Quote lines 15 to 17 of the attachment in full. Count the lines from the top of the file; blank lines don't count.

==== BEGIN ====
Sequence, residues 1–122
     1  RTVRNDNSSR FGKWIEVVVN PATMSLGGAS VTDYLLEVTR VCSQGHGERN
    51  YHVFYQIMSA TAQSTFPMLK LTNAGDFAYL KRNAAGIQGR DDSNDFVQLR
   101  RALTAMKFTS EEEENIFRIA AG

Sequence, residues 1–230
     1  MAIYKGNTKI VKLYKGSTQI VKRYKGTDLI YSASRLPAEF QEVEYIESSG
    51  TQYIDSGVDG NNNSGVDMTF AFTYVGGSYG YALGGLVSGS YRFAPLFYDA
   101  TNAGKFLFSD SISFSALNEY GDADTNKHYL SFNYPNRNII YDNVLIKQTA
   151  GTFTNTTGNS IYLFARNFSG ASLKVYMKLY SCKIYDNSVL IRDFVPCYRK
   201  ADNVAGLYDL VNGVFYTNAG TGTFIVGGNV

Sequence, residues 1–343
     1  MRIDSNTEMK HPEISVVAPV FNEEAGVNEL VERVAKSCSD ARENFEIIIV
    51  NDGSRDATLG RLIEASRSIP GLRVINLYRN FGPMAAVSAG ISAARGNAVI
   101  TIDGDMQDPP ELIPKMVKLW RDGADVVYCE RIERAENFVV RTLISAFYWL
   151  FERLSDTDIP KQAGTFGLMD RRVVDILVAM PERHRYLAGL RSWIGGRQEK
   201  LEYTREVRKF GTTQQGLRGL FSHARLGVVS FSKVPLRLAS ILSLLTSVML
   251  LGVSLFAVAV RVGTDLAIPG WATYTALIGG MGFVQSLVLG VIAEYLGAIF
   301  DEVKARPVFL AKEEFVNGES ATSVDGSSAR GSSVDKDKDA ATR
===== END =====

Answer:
   151  FERLSDTDIP KQAGTFGLMD RRVVDILVAM PERHRYLAGL RSWIGGRQEK
   201  LEYTREVRKF GTTQQGLRGL FSHARLGVVS FSKVPLRLAS ILSLLTSVML
   251  LGVSLFAVAV RVGTDLAIPG WATYTALIGG MGFVQSLVLG VIAEYLGAIF